- Members of our Committee will participate in a Race, Ethnicity, Indigenous Peoples workshop at Congress 2017.
- As many members of our committee as possible will participate in a “keynote roundtable” that will discuss the CPSA Action Plan as well as summing up discussions at the REIPP workshop and another workshop on Indigenous Governance and Public Administration. The keynote roundtable is being organized by Paul Kellogg co-organizer of the REIPP section of the CPSA program.
- The CPSA Board should consider institutionalizing some kind of recurring event at the CPSA annual meeting relating to Truth and Reconciliaton.
- Our Committee will liaise with the Federation of Humanities and Social Sciences in organizing a cross-disciplinary plenary session on reconciliation at Congress 2017.
CPSA Reconciliation Committee
CPSA and Reconciliation
The CPSA and Reconciliation
Prepared by Yasmeen Abu-Laban
The Report of the Truth and Reconciliation Commission (TRC) released June 2015 will affect political scientists and the CPSA1. The Report defines reconciliation as an ongoing process to establish and maintain “respectful relationships” between Aboriginal and non- Aboriginal Canadians. Moreover, “A critical part of this process involves repairing damaged trust by making apologies, providing individual and collective reparations, and following through with concrete actions that demonstrate real societal change “(TRC Executive Summary, 17-18). The new Liberal government has made clear its commitment to the process of reconciliation and public institutions will be encouraged to respond to the challenges reconciliation poses.
How are political scientists likely to be affected and how might CPSA and its members respond? Post-secondary institutions, research and teaching are directly implicated in many of the 94 calls made by the TRC. They include calls for: increased access for Aboriginal people to post-secondary education; increased federal funding for post- secondary education that will support access; the diversification of university education through e.g. the development of new programs and courses in indigenous languages, history, legal traditions, and knowledge; and developing new research on the process and effects of reconciliation. This clearly involves both challenges and opportunities for political scientists. For example, the TRC Report states: “We call upon the federal government, through the Social Sciences and Humanities Research Council, and in collaboration with Aboriginal peoples, post-secondary institutions and educators, and the National Centre for Truth and Reconciliation and its partner institutions, to establish a national research program with multi- year funding to advance understanding of reconciliation” (TRC Executive Summary, 242).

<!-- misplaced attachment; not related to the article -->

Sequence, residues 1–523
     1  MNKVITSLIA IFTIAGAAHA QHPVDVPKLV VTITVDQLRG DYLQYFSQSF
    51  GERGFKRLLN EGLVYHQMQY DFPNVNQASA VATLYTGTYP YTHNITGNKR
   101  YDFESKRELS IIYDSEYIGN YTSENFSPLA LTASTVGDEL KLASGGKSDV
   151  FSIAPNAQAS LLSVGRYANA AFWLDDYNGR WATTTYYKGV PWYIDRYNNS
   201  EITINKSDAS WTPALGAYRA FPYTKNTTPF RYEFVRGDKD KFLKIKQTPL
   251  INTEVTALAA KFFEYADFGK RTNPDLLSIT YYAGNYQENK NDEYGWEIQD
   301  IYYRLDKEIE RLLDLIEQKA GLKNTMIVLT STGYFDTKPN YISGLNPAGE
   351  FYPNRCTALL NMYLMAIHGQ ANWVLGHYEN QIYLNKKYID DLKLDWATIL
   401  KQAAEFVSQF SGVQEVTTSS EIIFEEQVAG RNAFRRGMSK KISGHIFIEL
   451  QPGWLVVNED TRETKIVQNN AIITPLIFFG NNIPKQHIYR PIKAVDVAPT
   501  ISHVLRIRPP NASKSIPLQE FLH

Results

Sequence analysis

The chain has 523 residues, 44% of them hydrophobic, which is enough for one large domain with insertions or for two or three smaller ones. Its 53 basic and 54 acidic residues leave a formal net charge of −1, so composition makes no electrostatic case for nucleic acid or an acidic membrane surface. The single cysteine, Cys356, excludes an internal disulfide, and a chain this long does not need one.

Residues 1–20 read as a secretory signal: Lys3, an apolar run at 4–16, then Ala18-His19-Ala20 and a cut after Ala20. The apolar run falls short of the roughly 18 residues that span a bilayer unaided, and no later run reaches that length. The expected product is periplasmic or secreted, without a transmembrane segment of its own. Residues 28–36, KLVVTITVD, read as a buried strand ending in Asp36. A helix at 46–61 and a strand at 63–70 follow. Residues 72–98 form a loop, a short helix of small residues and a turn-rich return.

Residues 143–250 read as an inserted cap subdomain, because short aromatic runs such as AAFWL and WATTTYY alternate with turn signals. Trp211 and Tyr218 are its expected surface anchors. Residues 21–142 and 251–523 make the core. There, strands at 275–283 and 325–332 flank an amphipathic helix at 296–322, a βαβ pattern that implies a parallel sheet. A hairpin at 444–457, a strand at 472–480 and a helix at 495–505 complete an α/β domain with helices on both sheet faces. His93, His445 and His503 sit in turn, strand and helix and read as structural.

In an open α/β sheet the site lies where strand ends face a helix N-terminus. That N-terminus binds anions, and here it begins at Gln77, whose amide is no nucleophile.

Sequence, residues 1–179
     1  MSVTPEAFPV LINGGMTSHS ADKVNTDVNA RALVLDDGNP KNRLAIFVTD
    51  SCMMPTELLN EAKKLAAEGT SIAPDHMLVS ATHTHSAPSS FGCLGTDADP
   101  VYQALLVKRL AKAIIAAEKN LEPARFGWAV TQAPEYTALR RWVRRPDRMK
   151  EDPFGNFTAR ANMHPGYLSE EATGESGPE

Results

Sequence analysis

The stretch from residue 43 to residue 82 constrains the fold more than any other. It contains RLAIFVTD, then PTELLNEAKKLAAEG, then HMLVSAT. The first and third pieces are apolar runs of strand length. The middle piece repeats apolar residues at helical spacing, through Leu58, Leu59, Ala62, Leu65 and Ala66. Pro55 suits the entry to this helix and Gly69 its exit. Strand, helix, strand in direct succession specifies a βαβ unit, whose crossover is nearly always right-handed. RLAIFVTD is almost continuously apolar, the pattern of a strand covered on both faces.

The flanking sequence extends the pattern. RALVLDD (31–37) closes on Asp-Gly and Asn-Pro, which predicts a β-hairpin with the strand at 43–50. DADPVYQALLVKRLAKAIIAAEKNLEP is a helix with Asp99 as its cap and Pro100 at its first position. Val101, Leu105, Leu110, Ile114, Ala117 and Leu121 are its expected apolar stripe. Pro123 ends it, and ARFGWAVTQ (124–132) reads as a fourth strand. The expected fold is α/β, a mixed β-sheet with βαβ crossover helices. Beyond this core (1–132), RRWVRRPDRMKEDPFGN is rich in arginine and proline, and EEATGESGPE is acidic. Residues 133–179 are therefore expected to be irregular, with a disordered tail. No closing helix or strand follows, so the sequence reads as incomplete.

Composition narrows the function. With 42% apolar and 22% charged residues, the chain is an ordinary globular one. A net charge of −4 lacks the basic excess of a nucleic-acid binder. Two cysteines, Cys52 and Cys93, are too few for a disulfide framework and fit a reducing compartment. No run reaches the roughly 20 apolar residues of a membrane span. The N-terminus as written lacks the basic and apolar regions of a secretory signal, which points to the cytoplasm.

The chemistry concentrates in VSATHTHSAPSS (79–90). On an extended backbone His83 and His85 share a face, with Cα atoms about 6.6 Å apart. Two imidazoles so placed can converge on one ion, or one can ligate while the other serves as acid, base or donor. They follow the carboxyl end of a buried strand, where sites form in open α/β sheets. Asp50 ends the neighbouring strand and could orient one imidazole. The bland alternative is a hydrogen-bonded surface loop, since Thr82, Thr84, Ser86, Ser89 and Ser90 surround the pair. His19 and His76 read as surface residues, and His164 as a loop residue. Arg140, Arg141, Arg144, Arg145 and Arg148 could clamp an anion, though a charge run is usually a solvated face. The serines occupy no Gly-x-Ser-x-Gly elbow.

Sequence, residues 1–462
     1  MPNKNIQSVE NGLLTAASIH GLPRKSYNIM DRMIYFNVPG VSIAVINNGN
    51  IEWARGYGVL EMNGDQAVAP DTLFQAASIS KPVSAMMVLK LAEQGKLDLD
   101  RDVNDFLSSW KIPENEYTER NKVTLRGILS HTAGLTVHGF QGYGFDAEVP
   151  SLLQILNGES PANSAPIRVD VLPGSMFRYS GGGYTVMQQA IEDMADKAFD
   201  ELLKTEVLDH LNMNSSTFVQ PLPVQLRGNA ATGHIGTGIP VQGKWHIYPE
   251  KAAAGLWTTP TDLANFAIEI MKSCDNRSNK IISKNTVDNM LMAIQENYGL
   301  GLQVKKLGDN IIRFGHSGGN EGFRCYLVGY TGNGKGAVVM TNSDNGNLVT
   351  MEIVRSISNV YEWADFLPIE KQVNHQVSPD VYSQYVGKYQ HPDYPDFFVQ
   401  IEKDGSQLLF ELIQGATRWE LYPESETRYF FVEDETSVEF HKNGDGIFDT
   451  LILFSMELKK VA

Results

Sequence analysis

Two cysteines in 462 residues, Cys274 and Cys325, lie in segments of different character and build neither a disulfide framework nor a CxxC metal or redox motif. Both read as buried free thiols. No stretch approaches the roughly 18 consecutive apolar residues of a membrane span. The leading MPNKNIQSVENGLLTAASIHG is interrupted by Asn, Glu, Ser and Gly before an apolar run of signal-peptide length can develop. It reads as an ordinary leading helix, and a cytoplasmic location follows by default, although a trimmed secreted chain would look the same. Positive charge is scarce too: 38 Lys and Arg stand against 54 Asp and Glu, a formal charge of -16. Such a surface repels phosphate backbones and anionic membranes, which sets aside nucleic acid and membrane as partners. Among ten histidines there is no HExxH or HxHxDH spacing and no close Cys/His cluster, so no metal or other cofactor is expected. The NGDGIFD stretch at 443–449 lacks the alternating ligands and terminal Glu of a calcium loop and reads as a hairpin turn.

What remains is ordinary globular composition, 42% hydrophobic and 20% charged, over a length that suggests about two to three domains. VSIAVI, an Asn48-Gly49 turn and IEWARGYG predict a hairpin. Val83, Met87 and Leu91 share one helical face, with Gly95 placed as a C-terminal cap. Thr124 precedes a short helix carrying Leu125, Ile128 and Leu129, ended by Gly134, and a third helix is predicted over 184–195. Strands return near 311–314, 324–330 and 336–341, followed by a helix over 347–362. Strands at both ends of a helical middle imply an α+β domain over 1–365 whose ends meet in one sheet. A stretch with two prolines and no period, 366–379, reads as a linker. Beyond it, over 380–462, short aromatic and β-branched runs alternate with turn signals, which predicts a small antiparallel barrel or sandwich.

How are other organizations responding? Many universities are already responding to the challenges posed by the TRC, as have other academic associations, notably the Canadian Federation for the Humanities and Social Sciences. The CPSA, likewise, needs to develop a plan for responding to the challenges and opportunities the reconciliation process will entail. As a responsible professional association, the CPSA has an obligation to help its members, and member departments, navigate the new environment. Therefore, the CPSA needs to develop its own organizational response.
Because reconciliation is an on-going process, not a one time event, and because what might be termed the “politics of reconciliation” are unfolding quickly, discussions within the Executive and with key members of the board and in the association indicated the value of having a dedicated group of political scientists addressing these issues. To this end, the CPSA Board of Directors approved the following motion on May 30, 2016:
1For an overview see also the 2015 Truth and Reconciliation Commission of Canada: Calls to Action. Available: www.trc.ca/websites/trcinstitution/File/2015/Findings/Calls_to_Action_English2.pdf
That the CPSA Board of Directors strike a “Reconciliation Committee” to report on the implications of the Truth and Reconciliation findings for political science and political scientists in Canada;
That the committee be composed of professors Isabel Altamirano (University of Alberta), Glen Coulthard (University of British Columbia), Rauna Kuokkanen (University of Lapland, Finland), Kiera Ladner (University of Manitoba), Peter Russell (University of Toronto, former CPSA President) and Daniel Salée (Concordia University);
That the committee make an initial report to the Board in December 2016 with a proposed plan of action for reconciliation in political science and a program for the January 2017 Chairs’ Meeting and the 2017 Annual Conference.